Also, there is no specification of the time within which the discontinuance should take place (FRED 32/ED 4 places a normal time limit of 12 months after the year end). On disclosure of discontinuing operations, IAS 35 requires:

a description of the discontinuing operation and its business or geographical segment

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the date of the initial disclosure and the date discontinuance is expected to be completed

the pre-tax gain or loss recognized on disposals of assets or settlement of liabilities attributable to the discontinuing operation should be shown on the face of the income statement, all other disclosures may be included in the notes to the financial statements

for the balance sheet, it requires disclosure of the 'carrying amounts at the balance sheet date of the total assets and total liabilities to be disposed of'

and

disclosure of 'the amounts of net cash flows attributable to the operating, investing, and financing activities of the discontinuing operation during the current financial period'.

Disposal of Non-Current Assets and Presentation of Discontinued Operations

There are a few minor additions and deletions, and changes from international accounting standards ,To include disposal of non-current assets.

The presentation includes the balance sheet (which is not included in FRS 3).

There is more detailed explanation of how assets held for sale should be valued.

For international standards, it will include fewer discontinuing operations than IAS 35, as:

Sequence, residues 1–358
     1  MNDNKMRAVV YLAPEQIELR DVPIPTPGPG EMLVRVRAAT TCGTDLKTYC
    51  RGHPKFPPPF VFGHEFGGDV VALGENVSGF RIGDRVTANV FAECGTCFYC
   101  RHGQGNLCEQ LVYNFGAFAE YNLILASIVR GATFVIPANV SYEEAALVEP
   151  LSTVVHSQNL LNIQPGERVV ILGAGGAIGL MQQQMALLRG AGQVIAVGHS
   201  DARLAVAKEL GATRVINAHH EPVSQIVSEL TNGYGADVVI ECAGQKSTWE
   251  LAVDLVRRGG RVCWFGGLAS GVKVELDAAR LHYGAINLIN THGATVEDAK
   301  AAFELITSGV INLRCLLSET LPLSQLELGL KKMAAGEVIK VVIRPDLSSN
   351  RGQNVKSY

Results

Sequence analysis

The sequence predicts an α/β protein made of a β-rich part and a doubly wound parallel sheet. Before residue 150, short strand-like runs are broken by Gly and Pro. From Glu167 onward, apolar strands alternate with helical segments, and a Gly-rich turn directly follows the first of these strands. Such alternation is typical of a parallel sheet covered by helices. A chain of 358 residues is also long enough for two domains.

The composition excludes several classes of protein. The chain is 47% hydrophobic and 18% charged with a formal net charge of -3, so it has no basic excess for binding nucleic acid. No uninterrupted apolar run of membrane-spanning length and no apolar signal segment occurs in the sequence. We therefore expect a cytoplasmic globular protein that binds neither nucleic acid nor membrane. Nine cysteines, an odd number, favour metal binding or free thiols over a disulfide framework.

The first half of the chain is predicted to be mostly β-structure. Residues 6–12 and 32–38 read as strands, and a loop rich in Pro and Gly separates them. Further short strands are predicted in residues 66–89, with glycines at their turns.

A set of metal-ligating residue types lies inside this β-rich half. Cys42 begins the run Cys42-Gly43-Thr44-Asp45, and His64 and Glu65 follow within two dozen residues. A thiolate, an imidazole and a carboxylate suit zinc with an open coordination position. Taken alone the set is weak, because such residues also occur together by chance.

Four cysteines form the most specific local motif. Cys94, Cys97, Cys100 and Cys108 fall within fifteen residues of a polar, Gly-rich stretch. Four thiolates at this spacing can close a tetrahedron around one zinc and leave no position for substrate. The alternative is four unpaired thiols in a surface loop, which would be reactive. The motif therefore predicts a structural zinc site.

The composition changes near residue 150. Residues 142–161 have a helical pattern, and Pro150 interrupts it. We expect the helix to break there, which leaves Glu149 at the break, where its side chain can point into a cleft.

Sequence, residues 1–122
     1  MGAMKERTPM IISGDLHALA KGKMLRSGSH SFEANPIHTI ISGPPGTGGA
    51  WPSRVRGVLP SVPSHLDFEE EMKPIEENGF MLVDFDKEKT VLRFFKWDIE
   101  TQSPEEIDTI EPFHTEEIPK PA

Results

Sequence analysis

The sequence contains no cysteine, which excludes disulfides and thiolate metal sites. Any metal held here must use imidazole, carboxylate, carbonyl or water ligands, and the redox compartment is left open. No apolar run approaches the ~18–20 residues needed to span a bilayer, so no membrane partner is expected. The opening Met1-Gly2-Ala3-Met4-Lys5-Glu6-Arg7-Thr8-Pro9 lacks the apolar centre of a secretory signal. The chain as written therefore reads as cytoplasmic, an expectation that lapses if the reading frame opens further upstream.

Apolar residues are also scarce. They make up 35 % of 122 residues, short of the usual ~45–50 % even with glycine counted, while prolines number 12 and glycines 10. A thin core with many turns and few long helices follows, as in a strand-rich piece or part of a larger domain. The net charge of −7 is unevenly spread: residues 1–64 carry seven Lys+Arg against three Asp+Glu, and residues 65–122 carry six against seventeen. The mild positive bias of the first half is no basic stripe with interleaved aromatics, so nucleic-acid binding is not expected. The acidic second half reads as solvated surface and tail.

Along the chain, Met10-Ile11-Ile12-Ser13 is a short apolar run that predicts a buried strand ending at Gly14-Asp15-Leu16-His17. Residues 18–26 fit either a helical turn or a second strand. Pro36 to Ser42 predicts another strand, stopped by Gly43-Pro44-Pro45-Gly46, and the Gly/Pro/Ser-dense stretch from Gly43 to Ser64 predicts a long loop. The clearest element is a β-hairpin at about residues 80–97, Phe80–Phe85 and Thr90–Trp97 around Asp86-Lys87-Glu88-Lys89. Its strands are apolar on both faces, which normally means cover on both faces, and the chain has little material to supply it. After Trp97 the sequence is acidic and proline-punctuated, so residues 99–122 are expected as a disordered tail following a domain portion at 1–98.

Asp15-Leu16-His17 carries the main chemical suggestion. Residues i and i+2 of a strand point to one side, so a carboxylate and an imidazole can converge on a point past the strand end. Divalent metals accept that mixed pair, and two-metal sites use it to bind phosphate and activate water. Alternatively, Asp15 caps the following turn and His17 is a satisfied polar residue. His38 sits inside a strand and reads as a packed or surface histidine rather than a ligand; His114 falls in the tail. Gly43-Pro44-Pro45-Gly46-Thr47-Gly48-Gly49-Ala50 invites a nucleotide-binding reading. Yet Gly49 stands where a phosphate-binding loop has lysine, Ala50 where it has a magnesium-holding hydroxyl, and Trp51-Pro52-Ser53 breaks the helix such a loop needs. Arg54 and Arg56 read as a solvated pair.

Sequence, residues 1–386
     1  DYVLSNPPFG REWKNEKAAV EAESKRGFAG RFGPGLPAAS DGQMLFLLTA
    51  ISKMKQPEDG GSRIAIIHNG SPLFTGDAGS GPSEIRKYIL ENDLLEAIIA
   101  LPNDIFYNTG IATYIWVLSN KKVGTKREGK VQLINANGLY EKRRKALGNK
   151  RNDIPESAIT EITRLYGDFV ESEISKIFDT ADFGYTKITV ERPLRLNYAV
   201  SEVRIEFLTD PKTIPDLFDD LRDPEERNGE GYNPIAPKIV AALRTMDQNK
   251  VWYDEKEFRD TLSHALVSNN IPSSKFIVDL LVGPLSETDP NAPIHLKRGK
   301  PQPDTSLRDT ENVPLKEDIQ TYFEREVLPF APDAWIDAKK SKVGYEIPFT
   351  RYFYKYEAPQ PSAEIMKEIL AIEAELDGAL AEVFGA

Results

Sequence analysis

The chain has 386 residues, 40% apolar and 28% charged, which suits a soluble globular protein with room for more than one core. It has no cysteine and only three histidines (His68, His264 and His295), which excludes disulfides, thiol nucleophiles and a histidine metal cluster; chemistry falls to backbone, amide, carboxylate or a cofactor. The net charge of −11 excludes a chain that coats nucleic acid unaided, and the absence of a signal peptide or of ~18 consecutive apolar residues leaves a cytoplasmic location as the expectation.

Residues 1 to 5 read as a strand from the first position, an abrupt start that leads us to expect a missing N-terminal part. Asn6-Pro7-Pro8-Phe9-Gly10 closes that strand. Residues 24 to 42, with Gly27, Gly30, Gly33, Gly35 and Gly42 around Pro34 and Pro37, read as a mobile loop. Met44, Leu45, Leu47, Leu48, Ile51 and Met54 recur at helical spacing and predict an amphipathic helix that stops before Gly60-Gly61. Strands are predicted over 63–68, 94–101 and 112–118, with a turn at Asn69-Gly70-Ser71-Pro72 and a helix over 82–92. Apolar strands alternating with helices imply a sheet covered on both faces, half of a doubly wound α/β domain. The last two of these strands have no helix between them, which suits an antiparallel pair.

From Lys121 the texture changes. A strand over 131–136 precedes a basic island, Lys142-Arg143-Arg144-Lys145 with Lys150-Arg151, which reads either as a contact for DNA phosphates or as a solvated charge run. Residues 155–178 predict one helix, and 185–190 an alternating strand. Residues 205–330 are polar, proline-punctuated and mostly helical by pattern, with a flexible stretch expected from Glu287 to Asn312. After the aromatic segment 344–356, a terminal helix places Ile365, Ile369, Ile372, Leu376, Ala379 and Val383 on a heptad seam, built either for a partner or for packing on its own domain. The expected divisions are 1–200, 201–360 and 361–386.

IAS 35 requires the discontinuing operation to be included if it is authorized in the period between the balance sheet date and the date the financial statements are approved. With ED 4, the discontinuing operation will only be included if the decision has been made before the year end.

IAS 35 specifies no time limit within which discontinuance should be completed, whereas ED 4 suggests the period should not exceed 12 months after the balance sheet date.

FRED 32/ED 4 starts by saying its objective is to improve information in financial statements about assets and disposal groups that are to be disposed of, and continuing operations. It seeks to do this by specifying:

the measurement, presentation and disclosure of non-current assets and disposal groups to be disposed of

and

the presentation of discontinued operations (paragraph 1).

In paragraph 2 it states that it does not apply to the following non-current assets:

goodwill

deferred tax assets

financial assets within the scope of IAS 39, Financial Instruments: Recognition and Measurement

assets arising from employee benefits

financial assets arising under leases.

Then, in paragraph 8 it makes the important point that non-current assets should be valued at the lower of carrying value and the fair value less costs to sell.

In paragraph 16, it says that depreciation should not be charged while a non-current asset is held for sale. The ASB believe that fixed assets which are continuing to be used should be depreciated, and depreciation should not be suspended on assets which are continuing to be used, simply because they have been labelled as 'held for sale within one year' (FRS 15, Tangible Fixed Assets concurs with the ASB's view

Disclosure in the income statement

Paragraph 24 states that revenues, expenses, pre-tax profit or loss, and income tax expense of discontinued operations should be shown separately on the face of the income statement. The following should be shown either on the face of the income statement or in the notes:

the gain or loss on re-measurement to fair value less costs to sell, or disposal of the assets or disposal group, and the income tax expense of the discontinued operation

the net cash flows attributable to the operating, investing and financing activities of the discontinued operation

adjustments in the current period to amounts previously presented as discontinued operations.

Disclosure in the balance sheet

In the balance sheet, there should be separate presentation of non-current assets and assets of a disposal group as held for sale (this includes liabilities).